Angular transformation was applied to lethality data and transformed data analyzed by Student’s t or ANOVA, followed by post-hoc Duncan’s or Dunnett’s test, when required. The expression level of cytokines genes was analyzed by Student’s t or ANOVA. All analyses were run on STATISTICA v. 7.0 software.

Data Availability

The datasets generated during and/or analysed during the current study are available from the corresponding author on reasonable request.


  1. 1.

    No Title. In World Health Organization. In: Combat drug resistance. 2011,

  2. 2.

    No Title. InWorld Health Organization. In: Antibiotic resistance - a threat to global health security.

  3. 3.

    Karam, G., Chastre, J., Wilcox, M. H. & Vincent, J. L. Antibiotic strategies in the era of multidrug resistance. Critical Care 20 (2016).

  4. 4.

    Loc-Carrillo, C. & Abedon, S. T. Pros and cons of phage therapy. Bacteriophage 1, 111–114 (2011).

  5. 5.

    Dufour, N., Debarbieux, L., Fromentin, M. & Ricard, J.-D. Treatment of Highly Virulent Extraintestinal Pathogenic Escherichia coli Pneumonia With Bacteriophages*. Crit. Care Med. 43, e190–e198 (2015).

  6. 6.

    Labrie, S. J., Samson, J. E. & Moineau, S. Bacteriophage resistance mechanisms. Nat. Rev. Microbiol. 8, 317–327 (2010).

  7. 7.

    D’Hérelle, F. On an invisible microbe antagonistic to dysentery bacilli. Comptes Rendus Acad. des Sci. 1651, 373–5 (1917).

  8. 8.

    Jennes, S. et al. Use of bacteriophages in the treatment of colistin-only-sensitive Pseudomonas aeruginosa septicaemia in a patient with acute kidney injury-a case report. Critical Care 21 (2017).

  9. 9.

    Berndsen, R. H. et al. Epigenetic approach for angiostatic therapy: promising combinations for cancer treatment. Angiogenesis 20, 245–267 (2017).

  10. 10.

    Pirnay, J. P. et al. Quality and safety requirements for sustainable phage therapy products. Pharmaceutical Research 32, 2173–2179 (2015).

  11. 11.

    Cao, F. et al. Evaluation of the efficacy of a bacteriophage in the treatment of pneumonia induced by multidrug resistance klebsiella pneumoniae in mice. Biomed Res. Int. 2015 (2015).

  12. 12.

    Fukuda, K. et al. Pseudomonas aeruginosa Keratitis in Mice: Effects of Topical Bacteriophage KPP12 Administration. PLoS One 7 (2012).

  13. 13.

    Alemayehu, D. et al. Bacteriophages φMR299-2 and φNH-4 can eliminate Pseudomonas aeruginosa in the murine lung and on cystic fibrosis lung airway cells. MBio 3 (2012).

  14. 14.

    Roach, D. R. & Debarbieux, L. Phage therapy: awakening a sleeping giant. Emerg. Top. Life Sci. 1, 93–103 (2017).

  15. 15.

    Forti, F. et al. Design of a broad-range bacteriophage cocktail that reduces Pseudomonas aeruginosa biofilms and treats acute infections in two animal models. Antimicrob. Agents Chemother. AAC.02573-17, (2018).

  16. 16.

    Debarbieux, L. et al. Bacteriophages can treat and prevent Pseudomonas aeruginosa lung infections. J. Infect. Dis. 201, 1096–1104 (2010).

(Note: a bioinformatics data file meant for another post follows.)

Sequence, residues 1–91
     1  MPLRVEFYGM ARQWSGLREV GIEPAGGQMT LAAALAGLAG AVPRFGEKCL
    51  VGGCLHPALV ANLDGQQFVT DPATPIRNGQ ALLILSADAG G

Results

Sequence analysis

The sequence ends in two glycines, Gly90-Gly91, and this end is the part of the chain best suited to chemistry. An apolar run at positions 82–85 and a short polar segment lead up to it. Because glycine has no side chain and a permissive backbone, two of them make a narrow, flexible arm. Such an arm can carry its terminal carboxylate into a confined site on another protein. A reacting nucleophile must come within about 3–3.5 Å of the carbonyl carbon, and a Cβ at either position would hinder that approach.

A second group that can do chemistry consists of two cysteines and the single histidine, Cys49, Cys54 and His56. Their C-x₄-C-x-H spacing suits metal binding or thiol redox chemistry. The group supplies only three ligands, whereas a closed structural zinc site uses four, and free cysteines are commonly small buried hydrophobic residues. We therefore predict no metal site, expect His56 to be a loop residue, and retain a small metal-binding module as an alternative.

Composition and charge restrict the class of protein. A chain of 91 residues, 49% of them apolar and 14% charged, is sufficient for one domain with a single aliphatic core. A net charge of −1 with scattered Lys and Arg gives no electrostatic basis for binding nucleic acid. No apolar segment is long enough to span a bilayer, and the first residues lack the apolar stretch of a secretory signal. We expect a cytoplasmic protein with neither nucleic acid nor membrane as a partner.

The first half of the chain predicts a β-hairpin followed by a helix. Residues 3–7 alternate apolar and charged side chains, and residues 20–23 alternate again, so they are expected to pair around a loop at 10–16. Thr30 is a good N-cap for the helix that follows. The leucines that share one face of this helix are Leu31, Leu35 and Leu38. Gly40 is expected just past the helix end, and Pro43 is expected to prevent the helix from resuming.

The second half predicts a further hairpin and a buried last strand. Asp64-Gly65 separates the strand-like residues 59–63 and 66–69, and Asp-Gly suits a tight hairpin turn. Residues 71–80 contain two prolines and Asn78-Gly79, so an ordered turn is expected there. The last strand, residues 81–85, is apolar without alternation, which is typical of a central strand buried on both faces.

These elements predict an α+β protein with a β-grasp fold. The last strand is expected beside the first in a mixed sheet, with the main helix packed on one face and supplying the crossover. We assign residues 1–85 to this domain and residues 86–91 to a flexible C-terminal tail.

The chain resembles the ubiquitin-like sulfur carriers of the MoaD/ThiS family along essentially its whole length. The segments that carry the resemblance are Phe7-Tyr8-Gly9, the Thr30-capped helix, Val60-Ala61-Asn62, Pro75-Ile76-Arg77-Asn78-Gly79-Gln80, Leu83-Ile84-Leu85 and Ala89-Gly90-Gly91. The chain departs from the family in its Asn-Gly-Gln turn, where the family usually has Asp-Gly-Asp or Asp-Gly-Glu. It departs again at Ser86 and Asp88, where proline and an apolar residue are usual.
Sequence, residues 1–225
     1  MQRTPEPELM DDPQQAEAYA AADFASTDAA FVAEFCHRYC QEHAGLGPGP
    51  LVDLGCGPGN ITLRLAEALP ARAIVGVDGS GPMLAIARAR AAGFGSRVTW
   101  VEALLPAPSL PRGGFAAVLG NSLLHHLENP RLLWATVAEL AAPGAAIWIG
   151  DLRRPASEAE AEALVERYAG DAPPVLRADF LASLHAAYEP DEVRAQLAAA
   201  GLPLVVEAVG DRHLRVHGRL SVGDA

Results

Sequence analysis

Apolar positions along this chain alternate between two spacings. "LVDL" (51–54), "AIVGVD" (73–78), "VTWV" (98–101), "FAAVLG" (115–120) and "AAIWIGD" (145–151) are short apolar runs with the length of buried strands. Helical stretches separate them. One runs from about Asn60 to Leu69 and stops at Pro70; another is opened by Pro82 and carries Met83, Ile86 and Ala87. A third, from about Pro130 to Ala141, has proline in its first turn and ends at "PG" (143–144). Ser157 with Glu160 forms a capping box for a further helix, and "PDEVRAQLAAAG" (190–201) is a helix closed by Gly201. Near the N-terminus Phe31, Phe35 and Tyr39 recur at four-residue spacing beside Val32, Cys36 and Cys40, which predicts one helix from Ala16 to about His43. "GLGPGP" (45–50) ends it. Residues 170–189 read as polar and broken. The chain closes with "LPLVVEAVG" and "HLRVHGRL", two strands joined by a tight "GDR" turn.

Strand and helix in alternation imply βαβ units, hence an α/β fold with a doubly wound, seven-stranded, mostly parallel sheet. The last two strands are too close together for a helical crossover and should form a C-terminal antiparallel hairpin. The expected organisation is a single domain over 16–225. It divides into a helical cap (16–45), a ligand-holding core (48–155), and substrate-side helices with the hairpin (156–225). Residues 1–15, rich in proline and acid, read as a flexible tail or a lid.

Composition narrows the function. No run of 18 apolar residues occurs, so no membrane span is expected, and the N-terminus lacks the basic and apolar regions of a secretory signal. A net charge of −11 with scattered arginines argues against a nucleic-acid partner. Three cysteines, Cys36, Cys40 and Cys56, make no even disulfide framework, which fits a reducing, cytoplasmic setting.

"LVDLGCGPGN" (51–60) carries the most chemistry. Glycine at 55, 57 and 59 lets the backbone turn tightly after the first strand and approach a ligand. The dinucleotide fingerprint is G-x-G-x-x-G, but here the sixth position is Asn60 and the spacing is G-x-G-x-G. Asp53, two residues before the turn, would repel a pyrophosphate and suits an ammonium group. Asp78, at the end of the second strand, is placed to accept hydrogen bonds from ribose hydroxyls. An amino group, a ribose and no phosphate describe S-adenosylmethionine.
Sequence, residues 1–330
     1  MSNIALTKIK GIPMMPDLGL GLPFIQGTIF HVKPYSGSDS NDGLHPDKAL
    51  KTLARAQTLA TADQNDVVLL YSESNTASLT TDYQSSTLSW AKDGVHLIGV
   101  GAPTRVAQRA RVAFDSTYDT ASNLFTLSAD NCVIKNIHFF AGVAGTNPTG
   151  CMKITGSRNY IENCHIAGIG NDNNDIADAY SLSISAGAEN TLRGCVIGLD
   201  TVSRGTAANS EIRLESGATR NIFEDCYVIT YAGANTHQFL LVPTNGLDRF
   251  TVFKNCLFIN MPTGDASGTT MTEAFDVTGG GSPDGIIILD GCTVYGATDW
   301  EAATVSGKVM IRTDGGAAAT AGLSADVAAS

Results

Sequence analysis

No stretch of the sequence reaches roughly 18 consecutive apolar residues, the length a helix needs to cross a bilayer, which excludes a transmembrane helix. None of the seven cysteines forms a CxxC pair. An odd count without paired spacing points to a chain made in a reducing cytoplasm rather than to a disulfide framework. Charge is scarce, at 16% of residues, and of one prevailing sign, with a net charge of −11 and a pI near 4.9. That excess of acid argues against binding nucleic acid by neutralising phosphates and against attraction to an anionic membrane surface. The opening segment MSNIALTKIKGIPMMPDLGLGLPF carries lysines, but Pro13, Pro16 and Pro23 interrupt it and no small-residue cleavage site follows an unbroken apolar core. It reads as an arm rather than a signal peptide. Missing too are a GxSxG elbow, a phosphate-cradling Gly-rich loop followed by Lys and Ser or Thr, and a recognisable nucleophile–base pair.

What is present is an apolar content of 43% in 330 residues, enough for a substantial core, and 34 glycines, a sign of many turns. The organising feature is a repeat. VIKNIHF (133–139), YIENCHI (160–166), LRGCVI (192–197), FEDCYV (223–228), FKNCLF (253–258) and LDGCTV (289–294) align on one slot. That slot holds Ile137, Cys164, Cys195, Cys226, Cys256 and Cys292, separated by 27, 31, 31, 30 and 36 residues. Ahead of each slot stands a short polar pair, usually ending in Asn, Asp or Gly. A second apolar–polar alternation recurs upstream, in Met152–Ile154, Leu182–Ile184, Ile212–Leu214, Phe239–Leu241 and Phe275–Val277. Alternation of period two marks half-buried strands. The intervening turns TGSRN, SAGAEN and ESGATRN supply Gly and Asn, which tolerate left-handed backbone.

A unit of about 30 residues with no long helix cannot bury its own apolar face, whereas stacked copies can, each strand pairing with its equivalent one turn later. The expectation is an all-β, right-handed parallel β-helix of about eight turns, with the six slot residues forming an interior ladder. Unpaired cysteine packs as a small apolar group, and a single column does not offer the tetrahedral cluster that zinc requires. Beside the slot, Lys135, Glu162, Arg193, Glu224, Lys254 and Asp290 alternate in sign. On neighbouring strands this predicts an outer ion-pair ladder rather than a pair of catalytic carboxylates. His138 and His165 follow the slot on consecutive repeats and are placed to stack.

17. 17.

    Chadha, P., Katare, O. P. & Chhibber, S. In vivo efficacy of single phage versus phage cocktail in resolving burn wound infection in BALB/c mice. Microb. Pathog. 99, 68–77 (2016).

  18. 18.

    Stoltz, Da, Meyerholz, D. K. & Welsh, M. J. Origins of Cystic Fibrosis Lung Disease. N. Engl. J. Med. 372, 351–362 (2015).

  19. 19.

    Riordan, J. R. et al. Identification of the cystic fibrosis gene: cloning and characterization of complementary DNA. Science 245, 1066–73 (1989).

  20. 20.

    Liu, F. et al. Molecular Structure of the Human CFTR Ion Channel. Cell 169, 85–95.e8 (2017).

  21. 21.

    Phennicie, R. T., Sullivan, M. J., Singer, J. T., Yoder, J. A. & Kim, C. H. Specific resistance to Pseudomonas aeruginosa infection in zebrafish is mediated by the cystic fibrosis transmembrane conductance regulator. Infect. Immun. 78, 4542–4550 (2010).

  22. 22.

    Renshaw, S. A. & Trede, N. S. A model 450 million years in the making: zebrafish and vertebrate immunity. Dis. Model. Mech. 5, 38–47 (2012).

  23. 23.

    Jevtov, I., Samuelsson, T., Yao, G., Amsterdam, A. & Ribbeck, K. Zebrafish as a model to study live mucus physiology. Sci. Rep. 4 (2014).

  24. 24.

    Rocker, A. J., Weiss, A. R. E., Lam, J. S., Van Raay, T. J. & Khursigara, C. M. Visualizing and quantifying Pseudomonas aeruginosa infection in the hindbrain ventricle of zebrafish using confocal laser scanning microscopy. J. Microbiol. Methods 117, 85–94 (2015).

  25. 25.

    Navis, A., Marjoram, L. & Bagnat, M. Cftr controls lumen expansion and function of Kupffer’s vesicle in zebrafish. Development 140, 1703–1712 (2013).

  26. 26.

    Navis, A. & Bagnat, M. Loss of cftr function leads to pancreatic destruction in larval zebrafish. Dev. Biol. 399, 237–248 (2015).

  27. 27.

    Guilbault, C., Saeed, Z., Downey, G. P. & Radzioch, D. Cystic fibrosis mouse models. American Journal of Respiratory Cell and Molecular Biology 36, 1–7 (2007).

  28. 28.

    Sun, H. et al. CFTR mutation enhances Dishevelled degradation and results in impairment of Wnt-dependent hematopoiesis article. Cell Death Dis. 9 (2018).

  29. 29.

    Novoa, B. & Figueras, A. Zebrafish: Model for the study of inflammation and the innate immune response to infectious diseases. Adv. Exp. Med. Biol. 946, 253–275 (2012).